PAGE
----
It’s not an office, it’s an experience. At least that’s what you’re told as you open an app to see what’s on the menu at the avocado-themed restaurant in the lobby. Your new office has everything you could want: game rooms with bowling and virtual golf, gyms full of Peloton bikes and Precor ellipticals, regular yoga and arts classes, and even an organic ice cream bar and cotton candy machine.
These wonderful new perks are the result of an ongoing amenities arms race between landlords to attract and retain tenants. Landlords can no longer just provide a place to work, they must deliver inspiration. They can no longer just provide high-speed internet; the entire experience must be technology driven.
As much as it’s changing the tenant experience, it’s also fundamentally changing the economics for landlords. In the past, approximately 3 percent of portfolio space was committed to amenity spaces, according to Colliers. Today, owners should expect to allocate approximately 10 percent, and those who are trying to attract highly sought-after tenants should look to reserve 12 percent or more.
Despite the obvious drawbacks of transforming revenue-generating spaces into amenities, the competitive dynamics of the arms race basically force landlords to conform. In fact, 92 percent of building owners are convinced that offering enhanced amenities will increase leasing velocity and rental rates within in the buildings, as per NAIOP. These owners are making big bets that companies will shell out for fancy amenities, and that those amenities will have them renewing their leases year after year.
And they’re right. Nine times out of 10, a company looking to attract talent will choose to pay a premium for a better employee experience.
But what’s going to happen when the inevitable downturn hits?
When margins get squeezed, companies are going to have to start cutting costs. Sure, the Googles and Facebooks of the world, will continue to compete for the highest echelon talent with perks and amenities.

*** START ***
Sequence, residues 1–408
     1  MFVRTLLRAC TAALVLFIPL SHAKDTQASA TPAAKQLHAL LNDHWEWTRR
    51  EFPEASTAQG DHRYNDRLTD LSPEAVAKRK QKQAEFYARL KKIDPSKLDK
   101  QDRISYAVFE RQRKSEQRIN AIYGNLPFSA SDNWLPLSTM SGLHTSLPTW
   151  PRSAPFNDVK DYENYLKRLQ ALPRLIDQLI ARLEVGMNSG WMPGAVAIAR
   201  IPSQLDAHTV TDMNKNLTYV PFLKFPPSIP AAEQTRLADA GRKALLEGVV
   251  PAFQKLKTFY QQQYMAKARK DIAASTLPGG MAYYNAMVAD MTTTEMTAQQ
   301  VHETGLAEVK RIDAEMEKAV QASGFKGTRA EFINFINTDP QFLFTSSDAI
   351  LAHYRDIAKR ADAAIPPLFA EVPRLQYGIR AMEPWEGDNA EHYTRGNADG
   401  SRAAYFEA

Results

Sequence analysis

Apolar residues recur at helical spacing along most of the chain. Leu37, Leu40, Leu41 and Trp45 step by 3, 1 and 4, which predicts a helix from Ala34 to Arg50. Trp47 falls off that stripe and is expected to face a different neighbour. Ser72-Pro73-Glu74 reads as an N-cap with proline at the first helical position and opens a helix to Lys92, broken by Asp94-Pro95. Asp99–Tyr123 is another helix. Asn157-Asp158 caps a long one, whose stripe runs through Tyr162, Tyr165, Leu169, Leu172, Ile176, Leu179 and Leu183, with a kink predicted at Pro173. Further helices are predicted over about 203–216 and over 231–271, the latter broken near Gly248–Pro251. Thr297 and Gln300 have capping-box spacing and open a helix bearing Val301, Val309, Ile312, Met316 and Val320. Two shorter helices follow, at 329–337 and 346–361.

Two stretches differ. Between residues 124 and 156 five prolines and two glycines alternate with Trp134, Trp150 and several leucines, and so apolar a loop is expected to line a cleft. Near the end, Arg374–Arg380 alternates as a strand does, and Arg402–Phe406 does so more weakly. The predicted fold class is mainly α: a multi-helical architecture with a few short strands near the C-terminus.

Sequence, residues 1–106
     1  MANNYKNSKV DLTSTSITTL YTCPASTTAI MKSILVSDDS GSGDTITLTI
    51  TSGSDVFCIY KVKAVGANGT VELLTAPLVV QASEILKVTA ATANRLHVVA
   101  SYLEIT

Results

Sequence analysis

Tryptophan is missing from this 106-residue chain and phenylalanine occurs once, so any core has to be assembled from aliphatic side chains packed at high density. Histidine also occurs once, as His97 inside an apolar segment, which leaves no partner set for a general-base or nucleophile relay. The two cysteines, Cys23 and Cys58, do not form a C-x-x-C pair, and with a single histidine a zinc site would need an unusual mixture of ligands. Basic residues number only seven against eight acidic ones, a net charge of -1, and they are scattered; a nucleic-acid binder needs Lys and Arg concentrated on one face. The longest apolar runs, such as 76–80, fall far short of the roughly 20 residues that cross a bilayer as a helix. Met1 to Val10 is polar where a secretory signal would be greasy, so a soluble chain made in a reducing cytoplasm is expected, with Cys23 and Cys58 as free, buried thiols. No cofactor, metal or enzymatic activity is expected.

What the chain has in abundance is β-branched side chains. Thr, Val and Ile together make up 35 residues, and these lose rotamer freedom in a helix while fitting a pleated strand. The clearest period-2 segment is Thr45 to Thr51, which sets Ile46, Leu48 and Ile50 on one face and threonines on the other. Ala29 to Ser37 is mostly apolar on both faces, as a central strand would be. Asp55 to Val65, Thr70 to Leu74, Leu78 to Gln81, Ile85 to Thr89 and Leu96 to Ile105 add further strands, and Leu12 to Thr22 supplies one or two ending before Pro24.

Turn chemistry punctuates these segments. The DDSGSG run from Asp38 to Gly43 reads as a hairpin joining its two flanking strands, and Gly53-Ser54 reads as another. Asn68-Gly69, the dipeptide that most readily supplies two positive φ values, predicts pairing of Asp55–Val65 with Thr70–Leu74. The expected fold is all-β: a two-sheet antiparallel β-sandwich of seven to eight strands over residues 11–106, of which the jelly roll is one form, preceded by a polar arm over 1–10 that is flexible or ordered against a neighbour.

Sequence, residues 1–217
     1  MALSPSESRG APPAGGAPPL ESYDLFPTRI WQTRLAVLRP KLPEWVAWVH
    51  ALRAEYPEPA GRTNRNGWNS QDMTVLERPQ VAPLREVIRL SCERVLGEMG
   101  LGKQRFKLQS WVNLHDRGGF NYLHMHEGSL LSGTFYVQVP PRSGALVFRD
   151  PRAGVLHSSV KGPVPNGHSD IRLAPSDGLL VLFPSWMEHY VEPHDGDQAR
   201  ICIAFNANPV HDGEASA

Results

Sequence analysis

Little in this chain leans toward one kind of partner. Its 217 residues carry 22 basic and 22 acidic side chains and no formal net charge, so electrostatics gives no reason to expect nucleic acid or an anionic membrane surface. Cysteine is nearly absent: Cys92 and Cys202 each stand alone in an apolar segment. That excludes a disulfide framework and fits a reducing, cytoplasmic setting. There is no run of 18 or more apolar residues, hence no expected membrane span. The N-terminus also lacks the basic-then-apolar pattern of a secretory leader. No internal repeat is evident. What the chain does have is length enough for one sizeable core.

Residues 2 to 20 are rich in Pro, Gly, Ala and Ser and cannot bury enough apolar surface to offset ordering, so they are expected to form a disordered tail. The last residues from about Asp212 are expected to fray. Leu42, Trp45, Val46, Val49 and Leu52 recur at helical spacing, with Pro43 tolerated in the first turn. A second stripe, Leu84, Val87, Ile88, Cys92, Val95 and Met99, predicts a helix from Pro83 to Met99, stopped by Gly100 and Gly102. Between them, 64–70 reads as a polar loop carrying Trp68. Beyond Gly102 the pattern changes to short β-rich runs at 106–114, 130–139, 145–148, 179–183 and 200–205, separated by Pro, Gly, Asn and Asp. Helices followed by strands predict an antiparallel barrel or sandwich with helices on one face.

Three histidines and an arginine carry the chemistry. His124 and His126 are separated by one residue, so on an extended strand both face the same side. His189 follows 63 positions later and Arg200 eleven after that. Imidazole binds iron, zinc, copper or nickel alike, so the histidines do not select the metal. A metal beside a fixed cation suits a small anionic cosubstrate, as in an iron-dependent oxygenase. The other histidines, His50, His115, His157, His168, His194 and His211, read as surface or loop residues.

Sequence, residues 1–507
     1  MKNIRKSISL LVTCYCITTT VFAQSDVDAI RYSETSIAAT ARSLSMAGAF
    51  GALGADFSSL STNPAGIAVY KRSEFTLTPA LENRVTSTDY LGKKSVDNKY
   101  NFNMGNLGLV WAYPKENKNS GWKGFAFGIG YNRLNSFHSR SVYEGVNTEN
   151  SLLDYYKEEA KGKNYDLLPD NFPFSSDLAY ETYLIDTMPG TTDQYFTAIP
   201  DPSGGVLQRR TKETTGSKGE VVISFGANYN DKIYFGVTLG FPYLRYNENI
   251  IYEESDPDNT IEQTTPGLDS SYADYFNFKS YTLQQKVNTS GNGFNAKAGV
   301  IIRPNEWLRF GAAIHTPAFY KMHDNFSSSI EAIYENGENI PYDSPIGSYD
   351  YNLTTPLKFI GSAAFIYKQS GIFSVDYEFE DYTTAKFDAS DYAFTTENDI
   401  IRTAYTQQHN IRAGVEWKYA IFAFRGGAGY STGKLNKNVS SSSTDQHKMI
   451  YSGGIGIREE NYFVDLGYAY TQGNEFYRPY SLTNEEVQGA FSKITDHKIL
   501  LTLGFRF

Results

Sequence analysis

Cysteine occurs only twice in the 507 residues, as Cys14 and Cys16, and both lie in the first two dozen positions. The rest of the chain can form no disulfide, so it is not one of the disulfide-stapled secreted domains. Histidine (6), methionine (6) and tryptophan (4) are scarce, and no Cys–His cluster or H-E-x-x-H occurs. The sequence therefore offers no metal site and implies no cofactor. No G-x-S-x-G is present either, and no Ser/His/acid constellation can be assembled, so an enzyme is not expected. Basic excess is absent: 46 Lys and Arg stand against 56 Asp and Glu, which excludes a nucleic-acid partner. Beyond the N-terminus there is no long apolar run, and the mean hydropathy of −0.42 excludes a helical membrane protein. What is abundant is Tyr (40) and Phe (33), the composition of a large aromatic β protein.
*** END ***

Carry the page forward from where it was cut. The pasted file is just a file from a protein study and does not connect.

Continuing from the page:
But most office tenants don’t have enough cash to purchase a small nation. Maybe paying a premium to have a dedicated chef cater lunch will no longer make sense. Maybe that indoor climbing wall or professional photo lab won’t attract new tenants like it has over the past five years.
This presents a serious problem for landlords that have dedicated such a large percentage of their rentable space to amenities. If tenants suddenly become unwilling to pay premiums for buildings with the latest amenities, owners are going to wish they still had those spaces available to rent.
It’s not only the opportunity cost of dedicating otherwise rentable space to an indoor dog park. There are direct costs for these amenities. Someone must run the yoga classes, there’s a subscription cost for the tenant engagement portals, and the artisanal coffee costs twice as much as the alternative.
There’s also the law of diminishing returns to contend with. As the arms race heats up and more properties add similar amenities, the premium that these amenities can command diminishes. When this happens, owners have no choice but to add better (and more expensive) perks.
The real kicker is that as much as some of the amenities dreamt up during the arms race are superfluous to getting work done, they really are awesome. As much as financial considerations are going to force tenants to opt out of amenitized spaces, the baseline expectations for what an office space provides are going to be higher forever, likely at the expense of the owner.
Knowing this full well, commercial real estate companies still have no choice but to participate in the amenities arms race. The downturn could take place tomorrow, or, equally as likely, many years from now. It would take incredible guts to buck the trend and position a space to compete in an uncertain future scenario.
Connell McGill is chief executive officer for Enertiv.